Kara Skaflestad, August 2021
Kara Frazier's Story Behind Beauty
Kara Frazier is the Founder of Fighting Pretty, helping more women battling cancer feel strong and beautiful through their programs. Her journey with Fighting Pretty started with her own cancer journey. We chatted about that journey and how it shaped the woman she has become and her organization! Let's hear Kara's story from Kara herself!
My grandmother was diagnosed with breast cancer at 47 and battled cancer for over 30 years. In 2008, when I was 26, living in NYC, I signed up for my first cancer walk in honor of my Mema. She passed away days before the walk. It was absolutely devastating. A few months later, I was in the shower and decided to do a self-breast exam and sure enough – it was stage 3, Her2+, estrogen receptive breast cancer. I was scared, but my mom was shattered. She had just lost her mom to cancer, and now her 26 year old daughter was just diagnosed.
At this time, I was by far the youngest person I knew that had breast cancer.
During my treatment, my best friend’s mom, also a breast cancer survivor, sent me a pair of mini pink boxing gloves as a reminder to stay strong and keep fighting. I looked at those gloves every single day as I got dressed, put on my hot pink lipstick and tried to remember how strong and beautiful I was in spite of what I saw in the mirror.
A few years after my cancer treatments were over, I still looked at those gloves as my hair grew back, my scars faded and things started to feel a bit “normal” again. Then, a family friend was diagnosed with stage 3 breast cancer and was having a very hard time. I looked at myself in the mirror and knew my “fight” was over and hers had just begun. I sent some bright lipstick, a scarf and my strength packaged up with my little mini pink gloves – the ultimate reminder to stay strong. Shortly thereafter, people kept reaching out to me asking how to help their friends battling cancer. And each time, I sent them a Pretty Package similar to the one I sent Jenn. So, I started Fighting Pretty, a non-profit organization to help all women battling all types of cancer feel strong and beautiful.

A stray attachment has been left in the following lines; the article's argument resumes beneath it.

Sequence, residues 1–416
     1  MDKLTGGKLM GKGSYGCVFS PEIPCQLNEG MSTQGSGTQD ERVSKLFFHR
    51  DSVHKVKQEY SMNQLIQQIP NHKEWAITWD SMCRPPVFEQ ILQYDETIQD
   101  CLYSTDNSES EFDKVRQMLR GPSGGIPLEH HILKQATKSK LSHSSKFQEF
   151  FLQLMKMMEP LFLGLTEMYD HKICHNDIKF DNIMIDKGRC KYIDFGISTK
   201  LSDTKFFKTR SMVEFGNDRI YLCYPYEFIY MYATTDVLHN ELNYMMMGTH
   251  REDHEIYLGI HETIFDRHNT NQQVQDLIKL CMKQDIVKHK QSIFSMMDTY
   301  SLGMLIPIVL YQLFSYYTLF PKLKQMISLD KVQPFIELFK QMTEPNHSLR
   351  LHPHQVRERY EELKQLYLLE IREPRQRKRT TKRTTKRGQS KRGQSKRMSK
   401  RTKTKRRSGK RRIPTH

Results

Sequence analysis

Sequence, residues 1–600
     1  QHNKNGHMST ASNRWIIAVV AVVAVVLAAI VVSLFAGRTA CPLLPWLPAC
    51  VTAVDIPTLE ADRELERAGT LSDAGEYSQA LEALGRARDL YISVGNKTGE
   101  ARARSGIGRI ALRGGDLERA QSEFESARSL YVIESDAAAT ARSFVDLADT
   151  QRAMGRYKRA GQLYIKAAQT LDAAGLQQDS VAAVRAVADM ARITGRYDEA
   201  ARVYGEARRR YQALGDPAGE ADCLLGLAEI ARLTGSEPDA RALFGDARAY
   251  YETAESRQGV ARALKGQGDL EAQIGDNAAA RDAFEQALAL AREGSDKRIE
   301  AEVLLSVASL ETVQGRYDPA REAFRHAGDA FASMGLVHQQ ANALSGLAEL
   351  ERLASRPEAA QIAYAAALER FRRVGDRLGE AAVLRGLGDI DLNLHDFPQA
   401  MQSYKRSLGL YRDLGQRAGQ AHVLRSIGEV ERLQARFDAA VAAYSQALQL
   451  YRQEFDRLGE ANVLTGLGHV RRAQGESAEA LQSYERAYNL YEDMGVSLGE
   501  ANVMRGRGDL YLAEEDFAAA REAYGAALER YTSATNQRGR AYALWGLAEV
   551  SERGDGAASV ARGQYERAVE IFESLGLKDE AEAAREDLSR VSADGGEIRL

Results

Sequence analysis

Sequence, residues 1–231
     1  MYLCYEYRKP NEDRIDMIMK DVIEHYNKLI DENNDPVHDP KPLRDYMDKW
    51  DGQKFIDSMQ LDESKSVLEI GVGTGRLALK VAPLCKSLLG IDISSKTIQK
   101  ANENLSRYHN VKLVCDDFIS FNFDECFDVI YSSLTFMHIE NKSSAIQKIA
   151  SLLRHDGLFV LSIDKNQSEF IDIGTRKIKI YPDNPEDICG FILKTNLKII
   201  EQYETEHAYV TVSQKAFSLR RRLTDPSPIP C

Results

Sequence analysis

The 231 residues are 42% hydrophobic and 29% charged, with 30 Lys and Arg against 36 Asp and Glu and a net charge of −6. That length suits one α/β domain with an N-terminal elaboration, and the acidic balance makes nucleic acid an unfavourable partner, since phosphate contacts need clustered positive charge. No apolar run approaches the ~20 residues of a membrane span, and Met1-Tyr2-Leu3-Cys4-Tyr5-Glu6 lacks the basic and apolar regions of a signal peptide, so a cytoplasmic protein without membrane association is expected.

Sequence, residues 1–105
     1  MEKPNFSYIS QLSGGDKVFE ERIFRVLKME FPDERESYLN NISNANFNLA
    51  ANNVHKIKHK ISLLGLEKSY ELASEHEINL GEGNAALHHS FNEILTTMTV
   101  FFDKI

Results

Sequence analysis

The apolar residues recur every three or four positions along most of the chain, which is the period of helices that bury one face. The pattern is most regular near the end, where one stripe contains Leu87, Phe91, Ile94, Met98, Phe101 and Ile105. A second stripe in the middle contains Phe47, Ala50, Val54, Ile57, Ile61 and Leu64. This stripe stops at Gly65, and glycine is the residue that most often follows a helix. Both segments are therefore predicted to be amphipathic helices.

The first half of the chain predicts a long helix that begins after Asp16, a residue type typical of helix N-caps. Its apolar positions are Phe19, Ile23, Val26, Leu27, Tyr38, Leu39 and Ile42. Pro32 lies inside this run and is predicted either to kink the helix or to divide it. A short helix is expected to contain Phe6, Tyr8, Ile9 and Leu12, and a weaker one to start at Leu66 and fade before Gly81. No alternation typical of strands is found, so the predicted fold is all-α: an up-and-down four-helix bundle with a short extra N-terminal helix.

What led you to going Flat? For those reading "going flat" refers to women who decided not to have reconstructive surgery after a mastectomy.
At my diagnosis, I only had breast cancer in my left breast. My surgeon stated there was a 1% chance – every year – of getting breast cancer in my right breast. At the time, I was only 26. So that meant, by 36, I had a 10% chance, and 46, I’d have a 20% chance of cancer recurrence. I was determined to do whatever I could to never hear the words “you have cancer” again; so the decision was simple: I opted for a double mastectomy with reconstruction. My plastic surgeon recommended the natural looking option – the Allergan textured implant. This was 12 years ago.
It took many years to come to terms with my new “fake boobs” (aka “foobs”) but had finally embraced my new body. Then in 2019, I received a call from my plastic surgeon saying my MRI went well – the implants are intact, BUT the implants are recalled and causing a rare form of lymphoma in women who have had them between 10-15 years.
I immediately started bawling. I thought for sure I had cancer again. I quickly got myself together and made the decision then and there, I was getting them removed. Back in 2009, I promised myself I would do everything in my power to never hear the words “you have cancer” again. Plus, I was afraid new implants could be recalled again! The facts made the decision simple: I would go flat.
Who were your support people?
When I heard about the recall on my implants, I was devastated and went to the dark place. I immediately thought I was going to die. I cried to my best friend Ashley and she stopped me dead in my tracks. She gave me the exact kind of tough love I needed in that moment. She said, “Kara, you are not dying. You do NOT have cancer. You have implants that need to come out. So we’re going to get those f*ckers out and you’re going to live to be 100. And that’s final.” I cried, I laughed and I scheduled my surgery.
Then there’s my Ben. Ben and I started dating in January 2019, and exactly a year later I had my breasts removed (again). He has been so incredibly supportive and even during my surgery, reached out to 100 of my closest friends and family across the country to send me “get well / Fighting Pretty” messages that knocked me off my feet. I came home from surgery with a wall full of imagery and support reminding me that I am strong, I am beautiful and I am loved by many.